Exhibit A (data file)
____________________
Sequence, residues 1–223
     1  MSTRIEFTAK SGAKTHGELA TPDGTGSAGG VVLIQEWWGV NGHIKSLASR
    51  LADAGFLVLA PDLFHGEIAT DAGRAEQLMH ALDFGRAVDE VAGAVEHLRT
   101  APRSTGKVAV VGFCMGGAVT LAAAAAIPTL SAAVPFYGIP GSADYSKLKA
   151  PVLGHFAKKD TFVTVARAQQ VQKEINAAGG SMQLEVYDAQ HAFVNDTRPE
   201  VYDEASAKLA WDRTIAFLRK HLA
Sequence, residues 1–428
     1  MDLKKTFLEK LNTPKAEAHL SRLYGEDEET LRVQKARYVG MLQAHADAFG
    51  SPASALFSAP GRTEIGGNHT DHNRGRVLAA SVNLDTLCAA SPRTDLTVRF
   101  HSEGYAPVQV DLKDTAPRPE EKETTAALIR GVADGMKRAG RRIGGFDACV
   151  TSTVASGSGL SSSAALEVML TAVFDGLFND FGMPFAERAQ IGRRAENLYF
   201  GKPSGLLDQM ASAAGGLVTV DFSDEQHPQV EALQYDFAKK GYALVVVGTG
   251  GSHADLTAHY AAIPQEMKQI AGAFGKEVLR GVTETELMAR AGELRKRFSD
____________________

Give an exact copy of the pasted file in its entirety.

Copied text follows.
Sequence, residues 1–223
     1  MSTRIEFTAK SGAKTHGELA TPDGTGSAGG VVLIQEWWGV NGHIKSLASR
    51  LADAGFLVLA PDLFHGEIAT DAGRAEQLMH ALDFGRAVDE VAGAVEHLRT
   101  APRSTGKVAV VGFCMGGAVT LAAAAAIPTL SAAVPFYGIP GSADYSKLKA
   151  PVLGHFAKKD TFVTVARAQQ VQKEINAAGG SMQLEVYDAQ HAFVNDTRPE
   201  VYDEASAKLA WDRTIAFLRK HLA
Sequence, residues 1–428
     1  MDLKKTFLEK LNTPKAEAHL SRLYGEDEET LRVQKARYVG MLQAHADAFG
    51  SPASALFSAP GRTEIGGNHT DHNRGRVLAA SVNLDTLCAA SPRTDLTVRF
   101  HSEGYAPVQV DLKDTAPRPE EKETTAALIR GVADGMKRAG RRIGGFDACV
   151  TSTVASGSGL SSSAALEVML TAVFDGLFND FGMPFAERAQ IGRRAENLYF
   201  GKPSGLLDQM ASAAGGLVTV DFSDEQHPQV EALQYDFAKK GYALVVVGTG
   251  GSHADLTAHY AAIPQEMKQI AGAFGKEVLR GVTETELMAR AGELRKRFSD